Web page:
And speaking of now (2017): I wish to align myself with Mr. Pillow and other contributors to this blog who have urged Sen. Hart to resume a political leadership role in American life. What we have been saying, always respectfully, on and between the lines of our sporadic comments to this general effect is: “Erudite blogging on political and cultural topics for about a dozen readers is far too small a pond for a former near-leader of the free world.” (Hell, I can do that on my own as an unknown public interest lawyer from “left-coast” Los Angeles on my Facebook pages!) What the nation and world badly need is a highly politically experienced veteran “golden voice” from the Colorado Rockies back in the thick of mainstream political debate in this country. After all it was you Senator who promised in your televised speech to the Democratic National Convention over 33 years ago: “This is one Hart you will not leave in San Francisco!”

    If you do decide to accept this mission-near-impossible and return to the political fray after 3 decades in establishment-imposed exile and asinine-media-imposed ignominy, it is essential Senator that you begin by going out on a listening tour during which you spend some quality time with the American multitudes (and especially the relative- and absolute have-nots) in all 50 states. I believe you will find that Russia is very far from their minds except perhaps for a fear of conflict escalating to nuclear war. See https://www.the-american-interest.com/2017/07/14/russia-scandal-looks-different-outside-washington/ .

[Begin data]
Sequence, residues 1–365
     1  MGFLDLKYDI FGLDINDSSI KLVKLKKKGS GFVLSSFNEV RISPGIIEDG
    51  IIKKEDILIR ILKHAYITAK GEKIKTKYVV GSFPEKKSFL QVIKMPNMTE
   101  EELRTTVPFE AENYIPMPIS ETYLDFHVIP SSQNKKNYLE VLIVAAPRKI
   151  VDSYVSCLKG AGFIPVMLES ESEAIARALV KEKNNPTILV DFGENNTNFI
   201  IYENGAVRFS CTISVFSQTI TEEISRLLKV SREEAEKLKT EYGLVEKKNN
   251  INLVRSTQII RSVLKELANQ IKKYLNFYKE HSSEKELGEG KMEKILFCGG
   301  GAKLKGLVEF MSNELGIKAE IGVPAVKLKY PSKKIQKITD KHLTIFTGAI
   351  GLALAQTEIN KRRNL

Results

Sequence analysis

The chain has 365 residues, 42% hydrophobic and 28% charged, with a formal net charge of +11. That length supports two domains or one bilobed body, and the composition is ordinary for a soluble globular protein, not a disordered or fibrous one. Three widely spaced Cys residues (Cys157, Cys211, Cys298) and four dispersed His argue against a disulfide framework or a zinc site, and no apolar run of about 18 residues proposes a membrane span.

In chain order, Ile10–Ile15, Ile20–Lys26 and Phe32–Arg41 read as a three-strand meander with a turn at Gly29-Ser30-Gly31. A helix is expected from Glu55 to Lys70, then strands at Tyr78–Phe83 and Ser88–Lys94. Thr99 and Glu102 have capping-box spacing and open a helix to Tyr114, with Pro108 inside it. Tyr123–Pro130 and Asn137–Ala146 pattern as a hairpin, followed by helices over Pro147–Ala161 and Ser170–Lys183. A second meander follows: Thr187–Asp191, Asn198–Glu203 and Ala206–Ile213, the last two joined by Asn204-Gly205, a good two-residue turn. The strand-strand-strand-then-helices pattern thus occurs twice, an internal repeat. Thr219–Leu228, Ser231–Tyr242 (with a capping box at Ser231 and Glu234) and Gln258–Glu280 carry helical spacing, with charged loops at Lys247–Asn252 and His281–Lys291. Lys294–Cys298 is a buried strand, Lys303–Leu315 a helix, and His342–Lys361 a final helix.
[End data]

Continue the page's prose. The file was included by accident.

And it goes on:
13. Gary Hart Says:

    “To every thing there is a season, and a time to every purpose under the heaven; a time to be born, and a time to die; a time to weep, and a time to laugh; a time to keep silence, and a time to speak…” Ecclesiastes 3. And a time to serve, and a time to let others serve. GH

  14. Elizabeth Miller Says:

    Heh.

    Well, I’d like to suggest a JB/JB ticket for 2020 with the old but still eminently relevant slogan, ‘Protect the Earth, serve the people, explore the universe’.

    Jerry Brown and Joe Biden … a kind of co-presidential ticket with lots of openings for advisors of all sorts and generations.

    A girl can dream …

Leave a Reply

All comments are reviewed by a moderator prior to approval and are subject to the UCD blog use policy.